Surface Temperature

Other Names:

Thermal infrared imagery


Remote sensing of temperature uses the amount of radiation reflected or emitted in the thermal infrared portion of the electromagnetic spectrum. The thermal infrared range of the EMS is generally considered to be between 3 and 14 µm. Due to absorbtion by atmospheric water in some portions of the EMS, wavelengths for measuring thermal infrared radiation are generally considered to be from 3-5 µm and 8-14 µm. A number of factors affect the amount of thermal infrared radiation reflected or emitted from the land surface. These include:

  • variations in sun angle
  • composition, density, and texture of the components of the land
  • topography
  • moisture at the surface
  • climate
  • vegetation canopy characteristics
  • recent temperature history

Remotely-sensed surface temperature data are commonly used in studies of water temperature or ocean current flows. Surface temperature, however, also has applications to terrestrial land management, and has been used in conjunction with spectral vegetation indices to assess rangeland cover and change. Surface temperature data are also a key input into the biophysical models used to estimate attributes like evapotranspiration or net primary productivity.

Similar Methods

Thermal anomalies representing events like active fires are created from thermal infrared or surface temperature images.


Output is an image layer/dataset with values representing either emissivity of thermal infrared radiation or surface temperature.

Successful Rangeland Uses

  • For Allen et al. (2005), surface temperature measurements from the Landsat TM sensors is a key input to the METRIC model for estimating evapotranspiration.
  • Lambin and Erlich (1997) used changes in surface temperature measurements and vegetation indices to detect land-cover changes at a continental scale in Africa. They looked for deviations from a normal seasonal trajectory of temperature and greenness to detect land cover changes from AVHRR imagery.
  • Moran et al. (1994). defined a measure of plant stress, the water deficit index, using a combination of surface temperature and spectral data.
  • The standard surface temperature product from the MODIS sensor is used to detect “thermal anomalies” (i.e., active fires). The thermal anomaly layer is a standard MODIS product used by a number of land management agencies

Application References

  • Allen, R.G., Tasumi, M., Morse, A., and R. Trezza. 2005. A Landsat-based energy balance and evapotranspiration model in Western US water rights regulation and planning. Irrigation and Drainage Systems 19:251-268.
  • Lambin, E.F., and D. Erlich. 1997. Land-cover changes in Sub-Saharan Africa (1982-1991): application of a change index based on remotely sensed surface temperature and vegetation indices at a continental scale. Remote Sensing of the Environment 61(2):181-200.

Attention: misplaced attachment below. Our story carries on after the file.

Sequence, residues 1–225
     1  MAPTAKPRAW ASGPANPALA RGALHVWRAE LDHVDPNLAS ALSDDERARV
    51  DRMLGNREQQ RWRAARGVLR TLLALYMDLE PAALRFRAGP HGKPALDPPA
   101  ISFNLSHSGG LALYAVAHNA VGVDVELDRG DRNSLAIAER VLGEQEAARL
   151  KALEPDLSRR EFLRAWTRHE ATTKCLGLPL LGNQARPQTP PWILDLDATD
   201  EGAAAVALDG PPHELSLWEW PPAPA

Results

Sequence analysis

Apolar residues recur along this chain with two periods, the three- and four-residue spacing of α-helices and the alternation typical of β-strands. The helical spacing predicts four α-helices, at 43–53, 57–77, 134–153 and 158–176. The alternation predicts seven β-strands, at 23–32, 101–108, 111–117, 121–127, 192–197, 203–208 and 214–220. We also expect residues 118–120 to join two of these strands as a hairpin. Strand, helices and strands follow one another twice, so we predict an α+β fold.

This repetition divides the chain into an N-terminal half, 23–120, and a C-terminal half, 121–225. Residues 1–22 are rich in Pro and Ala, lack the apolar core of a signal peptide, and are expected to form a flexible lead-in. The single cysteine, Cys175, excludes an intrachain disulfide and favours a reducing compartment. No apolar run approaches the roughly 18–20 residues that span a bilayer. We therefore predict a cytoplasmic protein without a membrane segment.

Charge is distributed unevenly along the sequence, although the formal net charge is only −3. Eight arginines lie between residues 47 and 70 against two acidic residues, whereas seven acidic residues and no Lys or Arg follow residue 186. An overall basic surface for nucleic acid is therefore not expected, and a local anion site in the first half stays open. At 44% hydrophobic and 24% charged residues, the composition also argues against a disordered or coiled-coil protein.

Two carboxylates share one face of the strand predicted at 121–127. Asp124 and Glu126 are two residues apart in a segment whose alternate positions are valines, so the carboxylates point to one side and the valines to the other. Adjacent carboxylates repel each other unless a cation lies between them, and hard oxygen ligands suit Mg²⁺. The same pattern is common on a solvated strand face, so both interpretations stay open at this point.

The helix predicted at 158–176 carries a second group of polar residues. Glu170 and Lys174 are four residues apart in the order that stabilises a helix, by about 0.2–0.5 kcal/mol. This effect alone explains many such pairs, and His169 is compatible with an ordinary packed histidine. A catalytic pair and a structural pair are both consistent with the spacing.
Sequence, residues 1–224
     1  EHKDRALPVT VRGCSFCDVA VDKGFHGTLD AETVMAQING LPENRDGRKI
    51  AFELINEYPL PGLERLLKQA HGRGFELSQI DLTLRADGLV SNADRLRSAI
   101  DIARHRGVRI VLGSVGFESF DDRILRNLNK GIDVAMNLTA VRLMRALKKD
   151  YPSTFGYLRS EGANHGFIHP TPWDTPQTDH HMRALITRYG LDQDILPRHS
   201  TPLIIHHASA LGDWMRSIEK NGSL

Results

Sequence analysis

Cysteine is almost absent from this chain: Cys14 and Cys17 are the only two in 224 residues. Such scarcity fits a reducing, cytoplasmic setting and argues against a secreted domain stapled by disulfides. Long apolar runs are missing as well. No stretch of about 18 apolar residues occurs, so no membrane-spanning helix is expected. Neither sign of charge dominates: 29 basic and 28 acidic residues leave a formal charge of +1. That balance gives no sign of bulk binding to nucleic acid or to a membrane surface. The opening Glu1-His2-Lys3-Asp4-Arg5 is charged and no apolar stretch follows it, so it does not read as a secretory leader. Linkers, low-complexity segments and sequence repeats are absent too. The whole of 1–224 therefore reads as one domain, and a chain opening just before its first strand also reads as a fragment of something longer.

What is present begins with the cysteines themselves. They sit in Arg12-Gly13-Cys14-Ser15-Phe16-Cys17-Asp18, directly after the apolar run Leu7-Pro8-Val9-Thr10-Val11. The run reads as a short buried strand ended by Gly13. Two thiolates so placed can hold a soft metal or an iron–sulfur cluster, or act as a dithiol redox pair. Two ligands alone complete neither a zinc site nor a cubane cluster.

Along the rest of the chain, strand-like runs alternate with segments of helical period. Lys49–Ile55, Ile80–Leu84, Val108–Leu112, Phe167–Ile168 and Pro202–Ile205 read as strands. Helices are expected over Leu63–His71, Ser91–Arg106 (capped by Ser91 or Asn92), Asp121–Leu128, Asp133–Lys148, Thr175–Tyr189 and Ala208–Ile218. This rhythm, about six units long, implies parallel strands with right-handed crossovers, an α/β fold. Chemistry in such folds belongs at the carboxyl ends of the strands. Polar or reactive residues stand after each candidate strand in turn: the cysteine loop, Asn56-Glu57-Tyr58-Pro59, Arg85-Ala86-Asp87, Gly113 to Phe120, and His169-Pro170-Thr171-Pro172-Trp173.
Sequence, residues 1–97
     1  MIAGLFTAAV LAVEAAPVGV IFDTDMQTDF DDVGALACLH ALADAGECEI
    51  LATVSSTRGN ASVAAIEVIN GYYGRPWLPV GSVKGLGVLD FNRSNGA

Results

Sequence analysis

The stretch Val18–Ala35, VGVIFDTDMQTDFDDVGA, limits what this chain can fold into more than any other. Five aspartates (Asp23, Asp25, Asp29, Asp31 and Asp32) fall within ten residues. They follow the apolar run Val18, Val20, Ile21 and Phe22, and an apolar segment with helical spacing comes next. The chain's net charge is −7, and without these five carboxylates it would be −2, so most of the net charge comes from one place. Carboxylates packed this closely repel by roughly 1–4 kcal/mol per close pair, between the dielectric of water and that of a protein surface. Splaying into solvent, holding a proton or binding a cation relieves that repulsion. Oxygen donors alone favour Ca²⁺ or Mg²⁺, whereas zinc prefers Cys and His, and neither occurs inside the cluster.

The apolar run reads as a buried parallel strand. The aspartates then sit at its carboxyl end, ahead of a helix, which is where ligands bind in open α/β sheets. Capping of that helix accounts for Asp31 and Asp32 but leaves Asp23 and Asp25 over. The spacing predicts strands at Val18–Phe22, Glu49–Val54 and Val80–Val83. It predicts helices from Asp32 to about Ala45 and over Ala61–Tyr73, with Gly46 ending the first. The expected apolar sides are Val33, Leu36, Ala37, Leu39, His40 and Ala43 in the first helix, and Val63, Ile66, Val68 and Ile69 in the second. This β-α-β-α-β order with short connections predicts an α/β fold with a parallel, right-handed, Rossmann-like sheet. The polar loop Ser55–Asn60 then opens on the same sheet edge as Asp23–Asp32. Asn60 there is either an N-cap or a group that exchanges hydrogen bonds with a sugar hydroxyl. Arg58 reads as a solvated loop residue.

• Moran, M.S., Clarke, T.R., Inoue, Y., and A. Vidal. 1994. Estimating crop water deficit using the relation between surface-air temperature and spectral vegetation index. Remote Sensing of the Environment 46:246-263.

Technical References

  • Lillesand, T. M., and R. W. Kiefer 1994. Remote sensing and image interpretation. John Wiley & Sons, Inc., New York.
  • Lugassia, R., Ben-Dorb, E. and G. Echelc. 2009. A spectral-based method for reconstructing spatial distributions of soil surface temperature during simulated fire events. Remote Sensing of the Environment 114:322-331.


In most cases, surface temperature will be an input to another remote sensing product that produces information more directly related to rangeland management. One limitation to remotely-sensed surface temperature measurements is that the values recorded by the sensor are a combination of soil surface and vegetation temperature. This is problematic when used as inputs to biophysical models because most models need temperature of the vegetation only.

Data Inputs

Surface temperature is calculated from the thermal infrared radiance values recorded by a sensor. These readings are calibrated to surface temperature.

Software/Hardware Requirements

For the most part, existing or standard-product surface temperature datasets are used rather than calculating new surface temperature datasets manually from raw imagery.

Sample Graphic

N.M. Short’s Remote Sensing Tutorial

Additional Information

  • The NASA Jet Propulsion Lab (JPL) produced a video describing thermal remote sensing called “Infrared: more than your eyes can see.” The video can be found at: Requires RealPlayer.

Existing datasets

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